Empire and Arcadia

Following a residential Culture LAB at Metal in Southend, which included visits to a number of hidden sites along the Thames Estuary, Dan Thompson created three new works exploring themes of empire and arcadia, immigration and emigration.

The MV Empire Windrush and the SS Arcadia both docked at one of the sites, the Tilbury Terminal. The Empire Windrush famously brought West Indians to Great Britain in 1948; but she was a German troopship, used before the Second World War as a ‘Strength Through Joy’ cruiseship. She sank in 1954, the same year that P&O’s Arcadia first sailed along Britain’s Empire Lines, taking £10 Poms to a new life in Australia.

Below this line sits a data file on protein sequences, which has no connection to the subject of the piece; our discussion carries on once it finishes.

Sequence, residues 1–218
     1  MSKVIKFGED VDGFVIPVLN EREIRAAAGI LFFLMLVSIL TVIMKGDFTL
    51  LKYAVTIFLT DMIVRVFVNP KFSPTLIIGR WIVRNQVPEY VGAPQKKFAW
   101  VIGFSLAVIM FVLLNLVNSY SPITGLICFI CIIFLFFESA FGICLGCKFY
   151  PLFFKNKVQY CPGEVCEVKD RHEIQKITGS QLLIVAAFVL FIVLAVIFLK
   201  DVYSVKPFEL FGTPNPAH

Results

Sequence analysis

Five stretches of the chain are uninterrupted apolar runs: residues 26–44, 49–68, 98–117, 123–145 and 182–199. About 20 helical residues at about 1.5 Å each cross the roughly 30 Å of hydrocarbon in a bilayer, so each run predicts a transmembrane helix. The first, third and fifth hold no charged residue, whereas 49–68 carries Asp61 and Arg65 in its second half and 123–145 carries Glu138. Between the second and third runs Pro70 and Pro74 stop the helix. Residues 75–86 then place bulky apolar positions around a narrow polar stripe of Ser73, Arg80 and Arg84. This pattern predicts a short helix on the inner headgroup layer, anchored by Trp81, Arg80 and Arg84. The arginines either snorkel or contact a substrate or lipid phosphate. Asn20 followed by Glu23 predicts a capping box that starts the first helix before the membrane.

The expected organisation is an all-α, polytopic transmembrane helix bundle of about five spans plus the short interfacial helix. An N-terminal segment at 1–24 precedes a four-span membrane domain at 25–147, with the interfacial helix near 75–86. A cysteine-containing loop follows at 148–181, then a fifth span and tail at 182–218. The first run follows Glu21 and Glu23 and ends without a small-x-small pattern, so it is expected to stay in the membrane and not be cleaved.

Two works – signal flags flown from a towerblock in Margate and at the Tilbury Terminal- acted as memorials to the two ships.

Onboard LV21 in Gravesend, across the river from the terminal, Dan created a reading room exploring themes of empire and arcadia, immigration and emigration. Between conceiving the work and installing it, the United Kingdom chose to leave the EU, adding a new layer to any discussion of immigration and emigration.

‘Captivating’ Caught By The River


The works were exhibited during the first Estuary Festival, as part of the Points of Departure exhibition which also included works by Jeremy Deller, John Akomfrah, Adam Chodzkho, French & Mottershead and Mark Donne.

The ‘Arcadia’ flags subsequently toured as backdrop to The Libertines stadium shows in South America.